Well, it brought a smile to the family’s faces, though ‘wince’ might be a more accurate description for one of them. We all came to appreciate it: very handy the automatic gears were, for some of the windy, gear-intensive roads we ended up driving along, and the suspension could float over the more idiosyncratic Irish road surfaces. By the end of the second day we had worked out how to open the glove compartment and, more important, the petrol cap. It took another day after that to shake the feeling that I was driving around in a stolen car.

I would however list a few design faults: no rear wiper, difficult to look left and right (can’t lean forward because your head hits the windscreen, and thick side pillars block the view), and while the TARDIS console style pop-up gear selector dial is very fancy it’s one more thing that could potentially go wrong and anyway I like to put a car into gear, not dial it in.

So, Day 1, a 2.75 hour drive down to Kilkenny where one of Bonusbarn’s late dad’s best friends works as head chef in the 4-star Pembroke Hotel. Very nice. We tucked into his delicious baked Toulouse sausage and sauté potatoes, then stayed up when he came off shift and chatted, accompanied by the aforesaid Guinness and Jamesons and Irish coffee.

Day 2, a gentle stroll through Kilkenny in the morning before checking out. Kilkenny, and later Dublin, were to strike me as … well, I’m not sure of the word. “Varied?” Every shop is different. Instead of the dreary monotony of about six high street chains, every shop is something new. And packed, and thriving. It’s like an English high street from 30 years ago. This was when I started to love Ireland for more than just the scenery. (Update: further research suggests my view is a little rosy, not to mention uninformed and generally wrong. But I stand by the impression.)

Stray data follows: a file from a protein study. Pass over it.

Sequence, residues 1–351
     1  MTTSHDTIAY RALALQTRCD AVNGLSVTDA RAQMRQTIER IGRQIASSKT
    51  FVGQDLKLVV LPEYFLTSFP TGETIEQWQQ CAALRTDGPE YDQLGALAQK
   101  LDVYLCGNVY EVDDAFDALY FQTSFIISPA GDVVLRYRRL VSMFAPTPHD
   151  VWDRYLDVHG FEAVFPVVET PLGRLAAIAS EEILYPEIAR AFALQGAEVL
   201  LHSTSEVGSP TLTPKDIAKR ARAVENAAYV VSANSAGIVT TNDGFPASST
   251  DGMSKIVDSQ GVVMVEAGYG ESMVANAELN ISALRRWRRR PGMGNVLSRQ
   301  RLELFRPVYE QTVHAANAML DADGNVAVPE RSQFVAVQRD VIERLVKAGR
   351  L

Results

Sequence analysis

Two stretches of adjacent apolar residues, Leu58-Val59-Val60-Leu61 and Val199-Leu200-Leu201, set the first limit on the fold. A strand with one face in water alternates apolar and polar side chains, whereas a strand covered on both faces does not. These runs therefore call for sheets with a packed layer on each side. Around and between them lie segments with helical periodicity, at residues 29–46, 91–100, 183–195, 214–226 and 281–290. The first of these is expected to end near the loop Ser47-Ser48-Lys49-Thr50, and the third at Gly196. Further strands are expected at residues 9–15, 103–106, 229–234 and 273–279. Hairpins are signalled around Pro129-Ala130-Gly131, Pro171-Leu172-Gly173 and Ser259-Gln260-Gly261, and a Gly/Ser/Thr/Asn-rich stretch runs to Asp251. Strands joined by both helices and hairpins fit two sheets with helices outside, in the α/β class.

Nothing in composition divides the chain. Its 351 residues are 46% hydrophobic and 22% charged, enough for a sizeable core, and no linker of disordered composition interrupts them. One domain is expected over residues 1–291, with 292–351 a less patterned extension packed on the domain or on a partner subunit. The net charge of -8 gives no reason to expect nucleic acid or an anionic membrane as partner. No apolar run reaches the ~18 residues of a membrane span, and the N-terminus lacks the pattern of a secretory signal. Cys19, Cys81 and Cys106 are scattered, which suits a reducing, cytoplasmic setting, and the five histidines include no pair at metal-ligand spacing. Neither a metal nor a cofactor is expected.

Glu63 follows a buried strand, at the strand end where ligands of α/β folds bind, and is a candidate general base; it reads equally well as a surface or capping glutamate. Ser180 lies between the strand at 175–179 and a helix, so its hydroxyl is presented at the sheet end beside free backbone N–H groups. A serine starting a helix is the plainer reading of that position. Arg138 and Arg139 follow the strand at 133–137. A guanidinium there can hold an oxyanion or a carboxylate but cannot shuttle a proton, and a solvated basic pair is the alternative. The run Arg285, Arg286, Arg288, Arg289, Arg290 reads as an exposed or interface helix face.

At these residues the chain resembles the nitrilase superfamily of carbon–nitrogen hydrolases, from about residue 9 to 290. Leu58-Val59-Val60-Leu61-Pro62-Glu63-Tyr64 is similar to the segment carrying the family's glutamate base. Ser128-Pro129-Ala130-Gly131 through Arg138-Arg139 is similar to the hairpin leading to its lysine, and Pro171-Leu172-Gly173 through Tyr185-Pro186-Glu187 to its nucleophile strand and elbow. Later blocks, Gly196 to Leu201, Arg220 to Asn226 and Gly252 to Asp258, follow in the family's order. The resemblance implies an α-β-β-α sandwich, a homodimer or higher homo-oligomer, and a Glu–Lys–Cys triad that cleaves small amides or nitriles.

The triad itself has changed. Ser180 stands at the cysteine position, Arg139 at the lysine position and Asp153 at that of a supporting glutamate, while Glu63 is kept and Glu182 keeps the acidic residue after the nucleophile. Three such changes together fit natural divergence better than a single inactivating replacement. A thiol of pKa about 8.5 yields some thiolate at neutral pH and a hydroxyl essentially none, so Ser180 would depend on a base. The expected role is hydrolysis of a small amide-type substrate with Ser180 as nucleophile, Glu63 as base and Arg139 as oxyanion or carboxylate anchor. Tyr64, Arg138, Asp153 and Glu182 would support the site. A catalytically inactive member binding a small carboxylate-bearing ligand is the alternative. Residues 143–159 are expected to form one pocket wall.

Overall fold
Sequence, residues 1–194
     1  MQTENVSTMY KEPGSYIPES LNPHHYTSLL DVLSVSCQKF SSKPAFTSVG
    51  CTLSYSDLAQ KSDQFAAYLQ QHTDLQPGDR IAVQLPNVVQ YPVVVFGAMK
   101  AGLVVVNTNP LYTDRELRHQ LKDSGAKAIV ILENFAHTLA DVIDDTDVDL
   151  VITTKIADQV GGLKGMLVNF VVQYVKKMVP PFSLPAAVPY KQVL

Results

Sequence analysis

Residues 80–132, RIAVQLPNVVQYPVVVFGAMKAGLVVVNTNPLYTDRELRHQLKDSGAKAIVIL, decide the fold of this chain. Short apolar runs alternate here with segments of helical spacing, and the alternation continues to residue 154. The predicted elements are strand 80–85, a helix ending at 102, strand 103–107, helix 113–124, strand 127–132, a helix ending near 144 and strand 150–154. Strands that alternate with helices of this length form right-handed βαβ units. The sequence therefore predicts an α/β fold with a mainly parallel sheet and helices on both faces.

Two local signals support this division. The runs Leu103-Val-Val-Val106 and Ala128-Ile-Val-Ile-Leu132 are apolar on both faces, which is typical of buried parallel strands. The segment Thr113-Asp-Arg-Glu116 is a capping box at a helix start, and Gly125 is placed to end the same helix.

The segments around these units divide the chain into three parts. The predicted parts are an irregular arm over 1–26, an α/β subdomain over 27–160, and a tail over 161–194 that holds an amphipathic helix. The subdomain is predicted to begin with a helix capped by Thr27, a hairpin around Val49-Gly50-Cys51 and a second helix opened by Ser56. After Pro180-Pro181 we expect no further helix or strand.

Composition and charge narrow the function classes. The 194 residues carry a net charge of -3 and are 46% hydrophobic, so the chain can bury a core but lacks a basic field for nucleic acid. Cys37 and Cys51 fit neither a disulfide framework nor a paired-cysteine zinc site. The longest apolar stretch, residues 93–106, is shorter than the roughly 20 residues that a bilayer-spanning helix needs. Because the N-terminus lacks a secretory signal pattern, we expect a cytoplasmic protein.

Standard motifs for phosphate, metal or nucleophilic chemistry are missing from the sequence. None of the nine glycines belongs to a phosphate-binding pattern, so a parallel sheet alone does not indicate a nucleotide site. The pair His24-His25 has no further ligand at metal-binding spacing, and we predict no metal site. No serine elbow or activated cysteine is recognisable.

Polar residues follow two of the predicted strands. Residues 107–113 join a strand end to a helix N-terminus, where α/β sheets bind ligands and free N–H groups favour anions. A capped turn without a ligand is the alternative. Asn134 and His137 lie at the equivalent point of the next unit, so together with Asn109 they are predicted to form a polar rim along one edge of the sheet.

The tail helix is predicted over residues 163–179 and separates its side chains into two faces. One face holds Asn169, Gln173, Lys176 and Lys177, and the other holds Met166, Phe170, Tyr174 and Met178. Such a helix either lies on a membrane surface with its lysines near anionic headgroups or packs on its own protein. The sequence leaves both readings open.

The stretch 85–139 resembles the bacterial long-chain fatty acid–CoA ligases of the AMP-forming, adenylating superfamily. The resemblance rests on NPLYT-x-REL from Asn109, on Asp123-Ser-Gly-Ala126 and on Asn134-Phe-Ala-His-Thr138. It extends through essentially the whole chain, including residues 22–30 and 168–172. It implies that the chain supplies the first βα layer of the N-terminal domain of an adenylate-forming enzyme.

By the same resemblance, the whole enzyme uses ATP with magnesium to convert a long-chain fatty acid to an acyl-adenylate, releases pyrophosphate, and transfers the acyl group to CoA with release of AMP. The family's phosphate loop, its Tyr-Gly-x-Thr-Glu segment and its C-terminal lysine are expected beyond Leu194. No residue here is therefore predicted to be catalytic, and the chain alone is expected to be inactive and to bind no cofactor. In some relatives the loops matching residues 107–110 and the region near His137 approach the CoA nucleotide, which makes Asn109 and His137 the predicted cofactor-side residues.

But speaking of scenery, we then meandered through the countryside, includingMount Juliet and Tinakilly where Bonusbarn’s dad had worked, and back to Dublin, southside, to meet more friends who also happen to be Bonusbarn’s godparents. What they might have made of the physical manifestation of 17 years-worth of the occasional prayer, we didn’t ask. The nearby Sandyford industrial estate looks like photos you see of Dubai – amazingly ugly brand new futuristic buildings all at different stages of construction, but hopefully not facing Dubai’s credit problems.

Day 3, a drive through the stupendous Wicklow mountains in (somewhat unusually) brilliant sunshine, ending up at our lodgings for the new few days – Kiltale Holiday Homes, Co. Meath. A farm until a few years ago, the outbuildings have been converted into self-catering apartments.